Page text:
Cases like that of Nur Kamal and Nur Kodor have thrown up many unanswered questions and most of them point to a growing trafficking network of drug smugglers working in collusion with Muslim fundamentalist groups such as ARSA. What is even more worrying is that Rohingya youths willing to learn and engage with international organizations on relief work and community service are being targeted by radical groups in the name of freedom and a better life.
Such incidents have been reported before. The media in Bangladesh and India have been reporting regularly on the growing menace of the trafficking of Rohingya in both Bangladesh and Myanmar. News stories about the human trafficking networks growing in tandem with the smuggling of drugs — mostly yaba, or methamphetamines — from Myanmar to Bangladesh and of drug cartels operating in these areas are not new.
Teknaf and Uthiya share a land border with Myanmar that is a known yaba smuggling corridor. A relief agency worker speaking on condition of anonymity said “it would not be surprising if most people who have disappeared have been taken through these routes as the security presence seems to be more concentrated on the riverine bordering areas and roads going out towards the rest of Bangladesh.”
Groups documenting and fighting the drug- and human-trafficking trades say the problem has thrown open a Pandora’s Box, corroborating reports of a nexus between the two and of Rohingya youths falling prey to the menace. It is not difficult to see the web. Those who have spent the past four months in the Rohingya camps either as relief workers or aid monitors say they fear the worst. “Vulnerable Rohingya youths and men are being used as shields for traffickers who have crossed over from Myanmar posing as refugees and have gotten mixed up with the community and live among them with absolute impunity,” one of them said.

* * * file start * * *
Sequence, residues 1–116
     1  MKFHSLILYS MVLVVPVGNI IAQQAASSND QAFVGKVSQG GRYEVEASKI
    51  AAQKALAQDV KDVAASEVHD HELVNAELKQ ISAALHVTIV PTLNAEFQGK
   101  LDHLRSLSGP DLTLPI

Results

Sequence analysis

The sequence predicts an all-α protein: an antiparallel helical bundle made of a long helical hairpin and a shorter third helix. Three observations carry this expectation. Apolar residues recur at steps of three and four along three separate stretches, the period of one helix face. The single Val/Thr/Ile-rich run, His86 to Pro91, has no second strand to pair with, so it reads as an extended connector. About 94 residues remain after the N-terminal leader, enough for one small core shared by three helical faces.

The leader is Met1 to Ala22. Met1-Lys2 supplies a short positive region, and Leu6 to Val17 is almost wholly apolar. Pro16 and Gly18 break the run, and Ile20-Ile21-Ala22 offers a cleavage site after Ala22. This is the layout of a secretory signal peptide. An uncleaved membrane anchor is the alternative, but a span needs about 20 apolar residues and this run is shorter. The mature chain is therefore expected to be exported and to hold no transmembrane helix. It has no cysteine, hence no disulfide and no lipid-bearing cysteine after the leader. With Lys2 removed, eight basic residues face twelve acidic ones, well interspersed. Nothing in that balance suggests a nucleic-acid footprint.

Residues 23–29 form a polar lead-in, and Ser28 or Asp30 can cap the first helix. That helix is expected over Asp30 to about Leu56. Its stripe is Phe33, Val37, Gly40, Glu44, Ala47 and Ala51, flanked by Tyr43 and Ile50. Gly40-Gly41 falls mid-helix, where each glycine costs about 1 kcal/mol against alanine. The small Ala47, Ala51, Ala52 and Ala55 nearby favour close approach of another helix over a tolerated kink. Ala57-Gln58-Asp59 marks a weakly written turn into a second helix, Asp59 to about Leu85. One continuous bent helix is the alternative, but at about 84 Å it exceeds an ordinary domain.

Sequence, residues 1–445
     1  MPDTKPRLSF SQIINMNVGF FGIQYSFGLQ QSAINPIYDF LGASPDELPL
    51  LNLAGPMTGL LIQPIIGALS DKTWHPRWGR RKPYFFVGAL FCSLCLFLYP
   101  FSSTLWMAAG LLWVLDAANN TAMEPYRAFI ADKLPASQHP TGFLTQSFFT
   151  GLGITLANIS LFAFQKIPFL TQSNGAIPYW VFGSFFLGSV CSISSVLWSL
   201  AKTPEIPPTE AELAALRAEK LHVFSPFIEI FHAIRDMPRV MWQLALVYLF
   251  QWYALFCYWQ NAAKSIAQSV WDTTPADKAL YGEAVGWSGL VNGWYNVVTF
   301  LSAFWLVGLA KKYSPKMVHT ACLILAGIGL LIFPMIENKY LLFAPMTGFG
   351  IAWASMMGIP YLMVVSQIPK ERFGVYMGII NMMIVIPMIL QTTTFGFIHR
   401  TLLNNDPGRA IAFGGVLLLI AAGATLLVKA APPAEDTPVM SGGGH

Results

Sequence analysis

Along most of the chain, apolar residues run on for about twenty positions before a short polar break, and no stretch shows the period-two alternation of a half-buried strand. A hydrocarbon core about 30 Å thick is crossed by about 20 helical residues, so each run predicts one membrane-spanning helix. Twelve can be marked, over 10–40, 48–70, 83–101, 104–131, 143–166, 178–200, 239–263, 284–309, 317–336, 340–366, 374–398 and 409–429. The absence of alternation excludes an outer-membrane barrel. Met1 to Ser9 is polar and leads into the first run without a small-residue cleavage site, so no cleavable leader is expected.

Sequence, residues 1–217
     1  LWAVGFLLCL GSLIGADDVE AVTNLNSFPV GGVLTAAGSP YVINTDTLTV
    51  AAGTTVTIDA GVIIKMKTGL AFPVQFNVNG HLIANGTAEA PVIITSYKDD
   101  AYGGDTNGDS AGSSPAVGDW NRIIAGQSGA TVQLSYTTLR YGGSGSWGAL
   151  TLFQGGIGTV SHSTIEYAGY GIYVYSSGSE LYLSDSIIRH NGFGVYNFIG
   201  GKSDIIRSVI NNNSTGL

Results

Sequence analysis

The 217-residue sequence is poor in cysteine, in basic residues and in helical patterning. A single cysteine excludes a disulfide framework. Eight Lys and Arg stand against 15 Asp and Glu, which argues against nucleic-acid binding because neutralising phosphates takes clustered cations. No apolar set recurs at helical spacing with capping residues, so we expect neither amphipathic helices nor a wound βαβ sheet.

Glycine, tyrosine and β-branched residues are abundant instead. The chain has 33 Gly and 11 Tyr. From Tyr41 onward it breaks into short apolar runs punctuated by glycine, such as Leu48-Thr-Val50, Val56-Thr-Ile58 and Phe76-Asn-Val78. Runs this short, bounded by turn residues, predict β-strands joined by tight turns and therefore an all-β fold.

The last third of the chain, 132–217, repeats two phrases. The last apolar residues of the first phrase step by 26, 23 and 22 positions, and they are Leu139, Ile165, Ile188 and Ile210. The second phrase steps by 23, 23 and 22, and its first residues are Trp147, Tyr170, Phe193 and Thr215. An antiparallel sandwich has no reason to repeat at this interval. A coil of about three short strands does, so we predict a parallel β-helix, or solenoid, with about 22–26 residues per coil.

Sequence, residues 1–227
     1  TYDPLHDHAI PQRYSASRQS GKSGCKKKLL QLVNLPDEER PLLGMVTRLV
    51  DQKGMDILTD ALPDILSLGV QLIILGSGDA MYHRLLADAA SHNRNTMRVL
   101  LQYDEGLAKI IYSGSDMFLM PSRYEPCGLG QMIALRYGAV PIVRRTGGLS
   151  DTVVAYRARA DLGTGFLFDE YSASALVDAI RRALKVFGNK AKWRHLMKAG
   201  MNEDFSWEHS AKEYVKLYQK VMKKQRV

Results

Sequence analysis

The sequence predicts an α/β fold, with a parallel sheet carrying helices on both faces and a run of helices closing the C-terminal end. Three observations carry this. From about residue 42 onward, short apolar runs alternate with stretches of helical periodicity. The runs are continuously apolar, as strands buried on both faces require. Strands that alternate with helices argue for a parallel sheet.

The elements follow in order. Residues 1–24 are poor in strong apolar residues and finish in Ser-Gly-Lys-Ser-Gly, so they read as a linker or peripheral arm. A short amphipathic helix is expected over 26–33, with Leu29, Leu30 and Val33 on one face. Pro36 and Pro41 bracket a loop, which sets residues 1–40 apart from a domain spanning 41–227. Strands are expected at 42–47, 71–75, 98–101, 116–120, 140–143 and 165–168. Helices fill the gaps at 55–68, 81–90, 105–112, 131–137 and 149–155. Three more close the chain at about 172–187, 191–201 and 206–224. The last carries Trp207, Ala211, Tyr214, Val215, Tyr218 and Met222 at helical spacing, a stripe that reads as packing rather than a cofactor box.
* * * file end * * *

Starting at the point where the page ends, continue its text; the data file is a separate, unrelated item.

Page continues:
The Bangladesh media are also awash with reports on a drug cartel thriving off its connections to politicians and other high-ups in Chittagong. The role of Teknaf Upzila Chairman Jafor Alam and ruling Awami League lawmaker Abdul Rahman Bodi in the yaba trade has frequently surfaced in media reports. On Dec. 6 The Dhaka Tribune of Bangladesh reported that Jafor Alam’s house was raided by a narcotics joint task force on Oct. 18 and that 31 Rohingya who had allegedly smuggled yaba across the border were detained.
More than 200 people have been arrested by security agencies in Bangladesh, most of them Rohingya men. If what the Bangladesh media have reported is to be believed, more than 500,000 yaba tablets have been seized since Aug. 25.
Law enforcement agencies have also revealed recently that more than 500 yaba smugglers have entered Bangladesh from Myanmar since Aug. 25 by posing as Rohingya refugees. The agencies also suspect that an additional 1,000 yaba mules have slipped into the country in the past three months by other means.
According to a recent report published by the Association for the Prevention of Drug Abuse, about 90 percent of yaba tablets enter Bangladesh via the Naf River. According to Arup Chowdhury, the association’s founding president, “yaba is being smuggled through 43 points of the Bangladesh-Myanmar border.”
So even as law enforcement agencies continue trying to solve the mystery of the missing persons and determine their fates, the governments of Bangladesh and Myanmar must ponder this growing menace as it could easily become a thorn in the side of both countries and impact the repatriation process in more ways than one.
The author is a former senior journalist who has worked for national and international news media in India and elsewhere. Currently he is a contributing editor for The Irrawaddy.